People with pre-existing mental health conditions had nearly identical results in weight loss after bariatric surgery as compared to those with no known mental health conditions. Published in Obesity, the scientific journal of The Obesity Society (TOS), this is the first large scale study of its kind to examine the relationship of preoperative mental illness to weight loss and health care use after bariatric surgery.
"Many clinicians are hesitant to consider bariatric surgery in the mentally ill population due to the assumption that they will not fare well. This research counters those assumptions, showing no difference, on average, in weight loss in the mentally ill versus non-mentally ill population," said TOS spokesperson Scott Kahan, MD, MPH, FTOS, Director of National Center for Weight and Wellness. "No prior research has evaluated this research question in a large and detailed study group. While all potential surgical patients should receive a thorough evaluation prior to considering surgery, this research suggests that there appears to be no outright reason to deny consideration of bariatric surgery in patients with mental illness who otherwise are good surgical candidates."
Researchers reviewed electronic health record (EHR) data from over 8,000 adults with and without mental illness, from several health care systems across the United States in 2012-2013, to study weight loss and health care use patterns after bariatric surgery including post-surgery emergency department visits and hospitalization days. The study divided patients with mental illness into three groups: (1) mild to moderate depression or anxiety, (2) severe depression or anxiety and (3) bipolar, psychosis or schizophrenia spectrum disorders.
In the study, groups were compared on weight loss by using generalized estimating equations using B-spline bases, and on all-cause emergency department (ED) visits and hospital days using zero-inflated Poisson and negative binomial regression, up to 2 years after surgery. The results concluded that mental illness was not predictive of differential weight loss up to 2 years after bariatric surgery. "Our findings suggest that this powerful weight loss tool can be equally effective for different groups of patients regardless of pre-existing mental health conditions," said Kristina Henderson Lewis, MD, MPH, SM, Assistant Professor, Department of Epidemiology & Prevention Division of Public Health Sciences at Wake Forest Baptist Medical Center.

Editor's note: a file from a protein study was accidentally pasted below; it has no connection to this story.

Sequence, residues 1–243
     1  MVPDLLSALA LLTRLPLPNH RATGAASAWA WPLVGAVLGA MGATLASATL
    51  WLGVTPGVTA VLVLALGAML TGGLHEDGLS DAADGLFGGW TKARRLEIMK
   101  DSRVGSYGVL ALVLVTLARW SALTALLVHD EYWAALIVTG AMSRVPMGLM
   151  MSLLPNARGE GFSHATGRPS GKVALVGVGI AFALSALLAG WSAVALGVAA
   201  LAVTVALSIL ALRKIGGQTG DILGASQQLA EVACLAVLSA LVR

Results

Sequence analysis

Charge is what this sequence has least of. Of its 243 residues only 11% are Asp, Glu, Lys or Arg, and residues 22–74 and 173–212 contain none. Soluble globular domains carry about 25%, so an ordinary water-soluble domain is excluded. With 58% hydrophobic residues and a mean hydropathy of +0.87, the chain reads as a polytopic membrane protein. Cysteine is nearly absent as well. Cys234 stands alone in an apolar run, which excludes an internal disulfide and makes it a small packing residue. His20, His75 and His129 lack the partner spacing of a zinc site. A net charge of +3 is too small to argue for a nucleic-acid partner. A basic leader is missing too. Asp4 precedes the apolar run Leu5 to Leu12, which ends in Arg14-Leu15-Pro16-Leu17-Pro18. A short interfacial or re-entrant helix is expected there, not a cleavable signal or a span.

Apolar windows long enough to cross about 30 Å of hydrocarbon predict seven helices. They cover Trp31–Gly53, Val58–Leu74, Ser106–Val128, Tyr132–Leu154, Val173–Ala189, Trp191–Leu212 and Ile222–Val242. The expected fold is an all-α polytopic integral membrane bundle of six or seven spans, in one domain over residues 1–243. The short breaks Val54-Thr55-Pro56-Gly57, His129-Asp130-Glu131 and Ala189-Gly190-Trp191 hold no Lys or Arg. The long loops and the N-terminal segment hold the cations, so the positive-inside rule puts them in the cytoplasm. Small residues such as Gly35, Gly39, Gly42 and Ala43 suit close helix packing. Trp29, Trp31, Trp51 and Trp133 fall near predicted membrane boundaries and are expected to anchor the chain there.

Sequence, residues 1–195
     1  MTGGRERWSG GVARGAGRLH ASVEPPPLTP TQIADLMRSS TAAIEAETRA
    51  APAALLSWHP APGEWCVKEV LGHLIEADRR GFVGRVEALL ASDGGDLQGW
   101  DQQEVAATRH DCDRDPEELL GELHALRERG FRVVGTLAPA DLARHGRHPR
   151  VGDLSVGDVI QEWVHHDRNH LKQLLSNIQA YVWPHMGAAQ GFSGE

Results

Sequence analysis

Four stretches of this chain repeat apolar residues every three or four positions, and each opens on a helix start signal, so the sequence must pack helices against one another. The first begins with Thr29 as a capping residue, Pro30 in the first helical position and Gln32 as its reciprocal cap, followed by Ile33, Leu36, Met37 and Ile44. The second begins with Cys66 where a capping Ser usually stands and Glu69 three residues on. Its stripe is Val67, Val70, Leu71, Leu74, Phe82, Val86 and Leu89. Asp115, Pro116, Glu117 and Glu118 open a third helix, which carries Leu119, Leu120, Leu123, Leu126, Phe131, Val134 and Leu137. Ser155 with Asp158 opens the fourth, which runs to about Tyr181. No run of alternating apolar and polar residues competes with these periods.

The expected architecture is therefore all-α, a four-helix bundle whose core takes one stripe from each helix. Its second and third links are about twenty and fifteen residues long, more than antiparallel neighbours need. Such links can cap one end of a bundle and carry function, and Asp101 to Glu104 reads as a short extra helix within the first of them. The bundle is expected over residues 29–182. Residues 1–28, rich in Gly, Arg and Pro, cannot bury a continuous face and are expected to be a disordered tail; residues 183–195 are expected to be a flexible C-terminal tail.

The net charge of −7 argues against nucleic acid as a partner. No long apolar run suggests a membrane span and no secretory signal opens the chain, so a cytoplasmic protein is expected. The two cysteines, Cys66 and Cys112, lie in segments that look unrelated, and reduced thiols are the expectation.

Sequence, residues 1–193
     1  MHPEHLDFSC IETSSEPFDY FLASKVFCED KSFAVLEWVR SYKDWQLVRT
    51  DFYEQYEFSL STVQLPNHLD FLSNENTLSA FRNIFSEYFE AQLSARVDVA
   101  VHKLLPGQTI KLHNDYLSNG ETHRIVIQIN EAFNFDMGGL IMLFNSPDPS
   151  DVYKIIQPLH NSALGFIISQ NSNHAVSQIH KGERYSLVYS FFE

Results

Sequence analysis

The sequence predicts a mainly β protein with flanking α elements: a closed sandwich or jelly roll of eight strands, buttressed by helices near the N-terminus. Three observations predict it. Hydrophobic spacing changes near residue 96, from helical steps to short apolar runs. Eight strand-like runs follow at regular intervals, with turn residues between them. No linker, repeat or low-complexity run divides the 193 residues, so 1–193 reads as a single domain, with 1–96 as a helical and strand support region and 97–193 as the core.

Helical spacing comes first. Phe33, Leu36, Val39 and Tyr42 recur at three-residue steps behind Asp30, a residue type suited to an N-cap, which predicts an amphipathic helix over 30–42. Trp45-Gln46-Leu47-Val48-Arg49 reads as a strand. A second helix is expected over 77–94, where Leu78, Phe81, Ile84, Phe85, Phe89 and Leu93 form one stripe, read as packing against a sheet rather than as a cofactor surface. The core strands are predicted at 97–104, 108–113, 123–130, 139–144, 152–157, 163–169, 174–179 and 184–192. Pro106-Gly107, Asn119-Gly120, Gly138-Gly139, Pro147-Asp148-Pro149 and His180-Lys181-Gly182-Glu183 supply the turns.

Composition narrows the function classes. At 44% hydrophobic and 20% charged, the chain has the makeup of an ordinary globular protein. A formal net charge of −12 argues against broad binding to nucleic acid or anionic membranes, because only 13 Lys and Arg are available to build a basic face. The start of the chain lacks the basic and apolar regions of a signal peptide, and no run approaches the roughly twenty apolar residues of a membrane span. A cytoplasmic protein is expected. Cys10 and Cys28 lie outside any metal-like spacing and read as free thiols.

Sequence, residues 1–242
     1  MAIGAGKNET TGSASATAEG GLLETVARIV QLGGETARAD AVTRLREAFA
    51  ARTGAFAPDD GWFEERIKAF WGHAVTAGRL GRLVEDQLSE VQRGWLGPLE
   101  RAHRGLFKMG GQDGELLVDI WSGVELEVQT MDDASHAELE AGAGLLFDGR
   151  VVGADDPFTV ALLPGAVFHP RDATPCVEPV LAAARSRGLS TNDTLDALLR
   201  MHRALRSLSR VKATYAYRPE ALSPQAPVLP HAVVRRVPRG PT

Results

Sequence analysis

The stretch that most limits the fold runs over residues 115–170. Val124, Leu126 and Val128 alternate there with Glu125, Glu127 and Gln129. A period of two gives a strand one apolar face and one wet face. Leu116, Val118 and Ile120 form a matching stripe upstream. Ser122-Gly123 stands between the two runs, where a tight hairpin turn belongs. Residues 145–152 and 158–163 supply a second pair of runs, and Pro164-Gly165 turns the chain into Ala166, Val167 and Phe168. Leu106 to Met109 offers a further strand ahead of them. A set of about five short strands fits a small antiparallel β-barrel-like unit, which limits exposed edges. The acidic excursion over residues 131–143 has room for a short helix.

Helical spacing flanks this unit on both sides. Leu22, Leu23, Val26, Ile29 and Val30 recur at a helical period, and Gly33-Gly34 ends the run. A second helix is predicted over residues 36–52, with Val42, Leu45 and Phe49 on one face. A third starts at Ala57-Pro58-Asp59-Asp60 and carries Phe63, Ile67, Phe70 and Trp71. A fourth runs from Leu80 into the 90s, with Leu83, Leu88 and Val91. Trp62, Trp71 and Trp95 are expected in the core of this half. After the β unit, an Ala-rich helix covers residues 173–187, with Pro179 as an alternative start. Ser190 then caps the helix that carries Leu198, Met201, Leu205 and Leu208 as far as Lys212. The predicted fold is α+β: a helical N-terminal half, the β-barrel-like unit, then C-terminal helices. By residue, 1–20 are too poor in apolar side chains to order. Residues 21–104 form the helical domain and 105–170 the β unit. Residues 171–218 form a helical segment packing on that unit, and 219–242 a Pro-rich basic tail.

Dr. Lewis cautioned that the majority of patients in this study came from systems where patients are psychologically screened prior to surgery, supporting the use of such screening to identify clinically-stable patients. Importantly, patients with pre-operative mental illness were observed to have higher use of the emergency department and hospital after bariatric surgery, a finding that may have clinical implications and requires further study.
In an accompanying editorial published in Obesity, James Mitchell, MD, discussed the impact of pre-surgery mental illness on post-surgery weight loss, as well as post-surgery emergency department visits and hospitalization. He pointed out that while more research is needed on this topic, "The most important finding is that those with mental illness, even in its more severe forms, can experience significant weight loss after bariatric procedures that is similar to the weight loss seen in the non-mentally ill patients. The current findings suggest that health care providers need to strongly consider bariatric surgical procedures for their severely obese mentally ill patients who are in a period of relative stability."
Cite This Page: